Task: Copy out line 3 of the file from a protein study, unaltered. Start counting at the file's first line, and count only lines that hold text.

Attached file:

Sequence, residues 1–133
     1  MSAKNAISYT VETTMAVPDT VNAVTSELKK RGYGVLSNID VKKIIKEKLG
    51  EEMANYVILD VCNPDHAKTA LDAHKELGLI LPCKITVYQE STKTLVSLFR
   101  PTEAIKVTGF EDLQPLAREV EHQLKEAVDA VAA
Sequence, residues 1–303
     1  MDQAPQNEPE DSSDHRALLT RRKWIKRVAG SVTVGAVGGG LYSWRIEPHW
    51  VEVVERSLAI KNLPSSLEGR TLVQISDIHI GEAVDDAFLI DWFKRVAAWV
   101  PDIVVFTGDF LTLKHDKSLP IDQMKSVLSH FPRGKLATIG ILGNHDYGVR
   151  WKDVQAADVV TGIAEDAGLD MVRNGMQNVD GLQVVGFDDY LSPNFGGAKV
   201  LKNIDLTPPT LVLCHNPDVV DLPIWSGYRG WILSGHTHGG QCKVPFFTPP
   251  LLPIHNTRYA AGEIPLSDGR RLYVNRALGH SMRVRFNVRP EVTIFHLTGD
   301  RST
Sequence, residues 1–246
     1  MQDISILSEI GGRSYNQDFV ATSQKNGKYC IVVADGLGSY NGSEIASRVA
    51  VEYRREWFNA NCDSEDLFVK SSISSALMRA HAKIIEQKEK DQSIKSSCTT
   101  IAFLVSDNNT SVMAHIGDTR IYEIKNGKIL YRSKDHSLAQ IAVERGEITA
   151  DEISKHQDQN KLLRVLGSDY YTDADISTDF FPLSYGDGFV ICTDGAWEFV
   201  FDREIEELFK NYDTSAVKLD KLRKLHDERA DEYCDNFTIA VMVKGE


    51  EEMANYVILD VCNPDHAKTA LDAHKELGLI LPCKITVYQE STKTLVSLFR